It would be a great honor to serve as President of ASN. If elected, I would learn as much as I can from the current President and do my best to keep on top of the various duties described in the ASN Officer’s handbook, to keep the society and journal functioning smoothly. I would also strive to help ASN navigate any new challenges and opportunities that arise, hopefully with the COVID-19 pandemic behind us.

Vice President

The VICE-PRESIDENT organizes the Vice-President’s Symposium for the annual meeting and edits the special supplement to The American Naturalist that contains the papers derived from the VP Symposium. The Vice-President is also the Society’s liaison for the organizers of the annual meeting. The Vice-President serves as a member of the Executive Council for three years, including one year as Vice-President Elect and one year as a Past Vice President.

Lauren Buckley

Reading The American Naturalist inspired me to shift my undergraduate aspirations from engineering to biology. I may have been misled by the journal title when looking for examples of ‘muddy boots’ biology, but it turns out the articles, with their integration of data and modeling in pursuit of conceptual advances, provided optimal inspiration for my biological career. I am thus honored to be nominated to serve as VP of the ASN. My research integrates modeling, field and lab collection of ecological and physiological data, and informatics to identify the organismal mechanisms underlying responses to climate change. I use the mechanisms to develop ecological and evolutionary forecasting approaches.

I am a Professor of Biology at the University of Washington, where I am an affiliate of the Center for Quantitative Science and the eScience Data Science Institute and a board member of the Program in Climate Change. I studied biology and math at Williams College, conducted graduate research at Stanford University, and held postdoctoral fellowships at the National Center for Ecological Analysis and Synthesis (NCEAS) and the Santa Fe Institute. I have been recognized as a Kavli Frontiers of Science Fellow and a Future Leader of the Science and Technology in Society Forum.

I strive to build capacity for integrative, quantitative, collaborative, and open science to accelerate biology and its applications to environmental challenges in a manner that promotes equity and inclusion. I lead the TrEnCh project focused on developing computational and visualization tools to Translate Environmental Change into biological responses for research, education, and outreach ( I have organized several symposia and workshops as well as NCEAS and National Evolutionary Synthesis Center working groups.

I have served on the American Naturalist editorial board since 2018. I am grateful for The American Naturalist publishing one of my initial papers and hope to work with the ASN to facilitate other early career researchers adopting integrative approaches.

I propose to organize a VP symposium highlighting integrative work by diverse scientists repeating historical experiments to understand mechanisms underlying responses to environmental change. I look forward to assisting the ASN in advancing conceptual unification of the biological sciences by capacity building, promoting a diverse and inclusive society, and inspiring integrative biological approaches if elected.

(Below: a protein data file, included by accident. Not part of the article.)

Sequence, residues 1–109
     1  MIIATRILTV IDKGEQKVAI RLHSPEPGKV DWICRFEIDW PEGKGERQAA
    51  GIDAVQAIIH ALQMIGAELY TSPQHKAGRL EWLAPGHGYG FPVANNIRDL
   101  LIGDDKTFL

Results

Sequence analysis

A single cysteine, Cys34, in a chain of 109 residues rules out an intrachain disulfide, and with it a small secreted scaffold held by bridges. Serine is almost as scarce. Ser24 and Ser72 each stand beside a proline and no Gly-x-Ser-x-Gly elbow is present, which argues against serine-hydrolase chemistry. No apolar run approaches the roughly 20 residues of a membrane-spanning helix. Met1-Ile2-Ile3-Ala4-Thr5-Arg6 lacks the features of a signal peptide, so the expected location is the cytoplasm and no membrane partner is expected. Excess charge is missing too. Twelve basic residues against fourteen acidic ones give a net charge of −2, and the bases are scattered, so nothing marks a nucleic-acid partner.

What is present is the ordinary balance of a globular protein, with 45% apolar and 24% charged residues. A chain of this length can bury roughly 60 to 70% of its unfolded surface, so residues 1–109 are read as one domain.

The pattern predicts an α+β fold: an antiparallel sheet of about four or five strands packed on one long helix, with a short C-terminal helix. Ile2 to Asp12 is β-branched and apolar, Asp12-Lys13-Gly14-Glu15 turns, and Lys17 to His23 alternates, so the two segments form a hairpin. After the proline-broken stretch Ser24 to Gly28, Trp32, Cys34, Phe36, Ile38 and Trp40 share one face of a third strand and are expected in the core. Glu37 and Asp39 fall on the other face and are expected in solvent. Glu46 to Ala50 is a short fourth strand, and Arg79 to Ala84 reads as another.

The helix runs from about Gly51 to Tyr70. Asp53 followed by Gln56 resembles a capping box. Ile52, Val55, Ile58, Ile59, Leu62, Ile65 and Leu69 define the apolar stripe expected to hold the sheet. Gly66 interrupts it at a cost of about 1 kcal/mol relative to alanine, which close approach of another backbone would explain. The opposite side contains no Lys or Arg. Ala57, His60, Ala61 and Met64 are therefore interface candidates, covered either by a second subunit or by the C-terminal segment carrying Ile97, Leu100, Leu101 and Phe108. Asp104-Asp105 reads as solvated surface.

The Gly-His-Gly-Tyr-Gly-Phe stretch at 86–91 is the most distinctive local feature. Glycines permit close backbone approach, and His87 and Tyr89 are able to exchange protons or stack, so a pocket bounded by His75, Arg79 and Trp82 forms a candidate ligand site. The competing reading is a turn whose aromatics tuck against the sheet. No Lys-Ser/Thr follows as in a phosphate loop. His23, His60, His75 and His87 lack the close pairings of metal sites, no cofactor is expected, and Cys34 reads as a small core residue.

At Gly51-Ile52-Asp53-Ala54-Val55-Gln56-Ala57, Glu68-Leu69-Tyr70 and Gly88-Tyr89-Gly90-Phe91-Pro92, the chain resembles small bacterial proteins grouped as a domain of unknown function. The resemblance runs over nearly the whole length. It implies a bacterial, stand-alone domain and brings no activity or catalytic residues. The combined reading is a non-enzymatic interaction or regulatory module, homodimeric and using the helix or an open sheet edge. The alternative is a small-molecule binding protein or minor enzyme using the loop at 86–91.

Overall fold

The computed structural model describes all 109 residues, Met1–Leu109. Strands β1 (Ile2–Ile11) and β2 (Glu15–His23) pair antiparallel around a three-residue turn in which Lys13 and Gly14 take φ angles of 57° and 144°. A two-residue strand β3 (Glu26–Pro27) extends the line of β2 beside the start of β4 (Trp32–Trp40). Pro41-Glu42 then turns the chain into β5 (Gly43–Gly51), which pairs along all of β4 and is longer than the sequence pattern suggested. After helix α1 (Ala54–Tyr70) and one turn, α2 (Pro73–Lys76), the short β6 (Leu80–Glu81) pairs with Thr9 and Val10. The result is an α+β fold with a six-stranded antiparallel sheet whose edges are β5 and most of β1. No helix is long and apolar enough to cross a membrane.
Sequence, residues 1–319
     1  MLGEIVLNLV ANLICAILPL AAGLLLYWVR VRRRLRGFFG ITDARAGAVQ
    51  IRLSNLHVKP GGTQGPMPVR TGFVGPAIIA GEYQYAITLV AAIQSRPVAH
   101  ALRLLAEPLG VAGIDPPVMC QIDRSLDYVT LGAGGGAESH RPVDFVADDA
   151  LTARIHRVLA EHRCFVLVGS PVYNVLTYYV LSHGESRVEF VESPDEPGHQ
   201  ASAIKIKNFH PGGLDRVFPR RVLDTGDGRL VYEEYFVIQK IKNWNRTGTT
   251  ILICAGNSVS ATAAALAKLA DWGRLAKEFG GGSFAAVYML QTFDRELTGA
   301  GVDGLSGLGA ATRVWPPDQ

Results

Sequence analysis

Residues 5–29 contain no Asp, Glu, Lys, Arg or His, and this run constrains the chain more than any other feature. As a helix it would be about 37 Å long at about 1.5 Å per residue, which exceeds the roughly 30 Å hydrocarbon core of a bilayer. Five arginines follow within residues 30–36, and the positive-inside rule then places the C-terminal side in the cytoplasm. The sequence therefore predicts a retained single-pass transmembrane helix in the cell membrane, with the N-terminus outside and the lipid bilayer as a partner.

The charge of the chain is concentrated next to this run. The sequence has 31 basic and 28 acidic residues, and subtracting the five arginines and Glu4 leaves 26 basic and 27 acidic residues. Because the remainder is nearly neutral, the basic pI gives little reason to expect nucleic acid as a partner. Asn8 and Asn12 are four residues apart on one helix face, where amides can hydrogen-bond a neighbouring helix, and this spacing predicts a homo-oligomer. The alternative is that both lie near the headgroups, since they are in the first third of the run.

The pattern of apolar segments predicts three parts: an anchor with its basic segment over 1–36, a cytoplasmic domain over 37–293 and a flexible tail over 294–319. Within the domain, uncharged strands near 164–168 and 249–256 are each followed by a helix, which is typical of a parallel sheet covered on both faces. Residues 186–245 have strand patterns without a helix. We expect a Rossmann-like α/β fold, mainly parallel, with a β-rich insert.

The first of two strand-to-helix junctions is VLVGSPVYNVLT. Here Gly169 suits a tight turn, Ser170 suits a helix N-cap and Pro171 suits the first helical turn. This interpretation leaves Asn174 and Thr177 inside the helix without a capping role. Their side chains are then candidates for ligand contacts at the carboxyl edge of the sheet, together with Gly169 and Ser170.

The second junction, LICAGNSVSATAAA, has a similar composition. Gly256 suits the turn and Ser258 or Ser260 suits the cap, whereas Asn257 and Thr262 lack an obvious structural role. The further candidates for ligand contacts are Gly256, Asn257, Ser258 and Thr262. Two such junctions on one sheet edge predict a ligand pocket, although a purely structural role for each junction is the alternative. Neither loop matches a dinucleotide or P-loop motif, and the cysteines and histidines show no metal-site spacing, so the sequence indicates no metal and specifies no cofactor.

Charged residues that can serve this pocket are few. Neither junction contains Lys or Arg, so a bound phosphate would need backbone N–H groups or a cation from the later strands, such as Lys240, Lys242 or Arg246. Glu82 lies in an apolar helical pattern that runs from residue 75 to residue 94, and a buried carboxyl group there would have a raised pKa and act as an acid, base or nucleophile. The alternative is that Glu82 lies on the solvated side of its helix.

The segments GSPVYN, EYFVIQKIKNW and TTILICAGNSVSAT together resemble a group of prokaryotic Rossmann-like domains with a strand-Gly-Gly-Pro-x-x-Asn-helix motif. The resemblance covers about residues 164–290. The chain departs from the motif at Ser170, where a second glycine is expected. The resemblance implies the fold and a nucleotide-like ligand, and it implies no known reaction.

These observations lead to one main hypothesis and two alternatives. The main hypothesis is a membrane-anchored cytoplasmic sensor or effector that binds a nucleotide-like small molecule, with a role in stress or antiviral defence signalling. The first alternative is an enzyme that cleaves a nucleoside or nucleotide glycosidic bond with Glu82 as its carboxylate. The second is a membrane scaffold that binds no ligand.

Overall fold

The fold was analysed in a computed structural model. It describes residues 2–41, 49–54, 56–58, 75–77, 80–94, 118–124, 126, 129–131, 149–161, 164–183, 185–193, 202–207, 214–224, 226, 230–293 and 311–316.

Gil Rosenthal

I work as part of a diverse network of colleagues and mentees on the mechanisms and eco-evolutionary dynamics of mate choice. The ASN’s purpose towards the “conceptual unification of the biological sciences” has guided my research vision since graduate school, just as it has guided the ever-growing and ever-humbling realization that it takes a village to get there. I’ve tried to build an integrative research program based on inclusive excellence.

I have just moved my permanent academic home to the University of Padua, Italy. I have served as a reviewing editor for Evolution and for Behavioral Ecology, and as Public Affairs Chair and later Treasurer for the Animal Behavior Society. I was honored to receive a Fulbright Fellowship and was named a Fellow of the Animal Behavior Society. In partnership with community leaders in Calnali, Mexico, I have co-directed the CICHAZ field station in the Sierra Madre Oriental since 2005. While on the faculty of Texas A&M, I led the creation of a new doctoral program in ecology and evolutionary biology, again animated by a unifying conceptual framework.

I have had the honor of publishing in The American Naturalist since my Ph.D. days, and my current primary research project on the evolution of mate-choice mechanisms was directly shaped by a symposium I was in at Asilomar 2016 (when the power went out on the grad student lightning talks!). My Ph.D. student serves on the ASN Graduate Council, and I have closely followed recent initiatives to give the society a more global and inclusive reach. As someone who has worked deeply within and across different cultures, and who recently moved my career across an ocean, I am mindful of strategies for overcoming the barriers of language and distance. Even as we take advantage of technologies for virtual interactions, I am excited to liaise with organizers of our joint and stand-alone meetings and facilitate engagement for ASN members around the world by focusing on the intersection of participant demographics and of taxonomic and geographic coverage. My proposed VP symposium is on the fitness consequences of mate choice for populations.


The TREASURER manages the accounts of the ASN, tracks all revenues and expenses, arranges for official annual financial reviews and tax return preparation, files tax returns, makes payments for all annual awards and travel reimbursements related to the annual meeting, keeps track of revisions to the award amounts and reimbursement policies, and prepares the annual Treasurer’s Report. The Treasurer also convenes a Finance Committee comprised of two other members of the Executive Council, for making investment decisions as needed. The Treasurer serves on the Executive Council for six years, three as a regular member and three as Past Treasurer.